Pole Lathe Notes-3

Well the leather sewing machine belt drive cord gave up the ghost.  A little disappointing that it only lasted about three weeks of moderate use.  Rather than waste my remaining leather cord, I made a trip to the Big Box and bought a fifty foot hank of 7mm solid braid polyester cord.  I let you know how this stuff holds up.

This next bit is about an accessory.  Once I started using this lathe it became immediately apparent that it would be impossible to turn short lengths of wood or oddly shaped pieces.  There would be no area on which the drive cord would run in those instances.  What I needed was a drive mandrel that would serve to accommodate the cord and transfer that energy to the workpiece.

After doing a bunch of searching online, I came up empty.  There is plenty of information to be found on creating a drive mandrel for bowl turning on a pole lathe, but practically nothing about a mandrel that was independently supported from the actual workpiece.  So I did a little head scratching and sketching and came up with an idea that seemed promising.

My idea is essentially the same as the drive pulley on a typical treadle (flywheel) lathe except I only need to have a bearing to support the end of the mandrel.  There is no need for thrust bearings.  The existing dead centers continue to serve in that capacity.  In use, the drive mandrel and the workpiece are “pinched” between the existing dead centers.  The bearing mounted on a removable puppet serves to support the juncture of the mandrel and workpiece.

So I ordered a 1-1/2″ bore flange mount bearing and a 1MT drive center off of fleabay.

The mandrel I turned from hard maple.  I sleeved each end of the mandrel with copper to prevent splitting and add durability.  A 1-1/4″ copper slip coupling has a 1.9ish outside diameter and was a friction fit to the bearing once I added a shim fashioned from aluminum tape.  The 1MT drive center was installed in a stepped hole same as the dead centers.

The tricky bit was getting everything to line up along the same centerline.  Time and patience paid off and everything lines up reasonably well.

The thing works great!  The bearing is new and arrived somewhat stiff, so it takes a little more spring and little more effort to push the foot board.  The bearing is beginning to loosen with use though.  I also needed to put together a smaller tool rest.  The new one is about 5″ wide and utilizes the same locking base as the the large one.

Now I can turn just about any length of wood I want.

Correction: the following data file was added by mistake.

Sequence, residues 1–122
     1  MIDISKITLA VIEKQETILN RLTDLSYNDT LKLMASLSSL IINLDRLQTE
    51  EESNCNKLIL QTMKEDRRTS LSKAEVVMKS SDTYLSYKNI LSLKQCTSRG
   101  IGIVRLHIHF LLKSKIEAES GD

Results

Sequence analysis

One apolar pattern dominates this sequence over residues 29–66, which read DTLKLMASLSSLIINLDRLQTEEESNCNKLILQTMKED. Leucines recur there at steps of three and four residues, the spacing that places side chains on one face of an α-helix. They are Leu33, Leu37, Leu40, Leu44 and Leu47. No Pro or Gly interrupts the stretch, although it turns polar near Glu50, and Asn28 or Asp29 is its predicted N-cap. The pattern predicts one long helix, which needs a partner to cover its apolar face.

A short clip taken before the drive cord swap.

Notes 2 Greg Merritt

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15 Responses to Pole Lathe Notes-3

  1. Pingback: Pole Lathe Notes-2 | HILLBILLY DAIKU

  2. Derek Long says:

    Do you feel like there’s more stretch to the poly cord than the leather? I’d think stretch and a bit less grip would be the concern there.

    • Greg Merritt says:

      I haven’t noticed any difference between the two. Both will slip with only one wrap, but with two or three wraps I can’t make it slip no matter what I do. I have a few hours turning with the poly cord, so far so good. Time will tell.

  3. Salko Safic says:

    It works amazingly well but it’s slow turning, I think the flywheel would of been a better option.

  4. Jeff Branch says:

    Interesting developments. Killer illustration plus a video. Nice blog post as well.

  5. Sydney Smith says:

    Jarrod Stone Dahl was doing a live instagram w his pole lathe, I asked him about his drive cord. He uses starter rope, which is supposedly better suited to withstand the abrasion. He also said there’s some technique involved, he burned through cords at first, then learned not to. I have already snapped the leather cord on my lathe a couple of times, and am looking for a better way, maybe the poly cord will work. Thanks for all your documentation!

    • Greg Merritt says:

      Did a search for “starter cord”, that’s a whole other rabbit hole. I’ll put it on the list to try if this cord doesn’t hold up. The leather cord is out for good. It looks nice, but just isn’t up to the task.

  6. paul6000000 says:

    Hi Greg, I found that the wear on my cord was entirely due to it rubbing against itself and I’m thinking that since you’re using a separate fixed “drive shaft” rather than the piece itself, maybe it could be lightly threaded? I’m imagining that it the cord was resting in grooves, the wraps could have slight gaps between them and not be bunched together in the narrowest section.

    • Greg Merritt says:

      In theory, what you propose would work. In practice though, I doubt that you would be able to keep the cord tracking in the grooves. I only plan to use this drive mandrel for short pieces and odd shaped pieces that won’t allow direct use of the drive cord. I have a feeling that the drive cord may be an ongoing issue. Hopefully not, but time will tell.

  7. Coisas EM'adeira says:

    I’m planning an upgrade to my bench pole lathe since I started using it!
    Until now the Bob Easton was a winner design specially after the “jig saw add on”.
    Until now…!
    Yes yours don’t have the continuous movement, on the other hand it’s light, collapsible, portable, and that removable puppet is kind of a genius moment!
    You’re making me scratch my head a lot! In a god way!
    Warning I may steal 1 or 2 ideas from you!

    • Greg Merritt says:

      Take what you need Antonio, that is why I put it on here.
      With the addition of the drive mandrel for short and odd shaped pieces, there is very little that I can’t turn on this lathe. Factor in the portability and it is a hard combination to beat for the occasional turning project.

If you don't comment this is just a fancy way for me to talk to myself.

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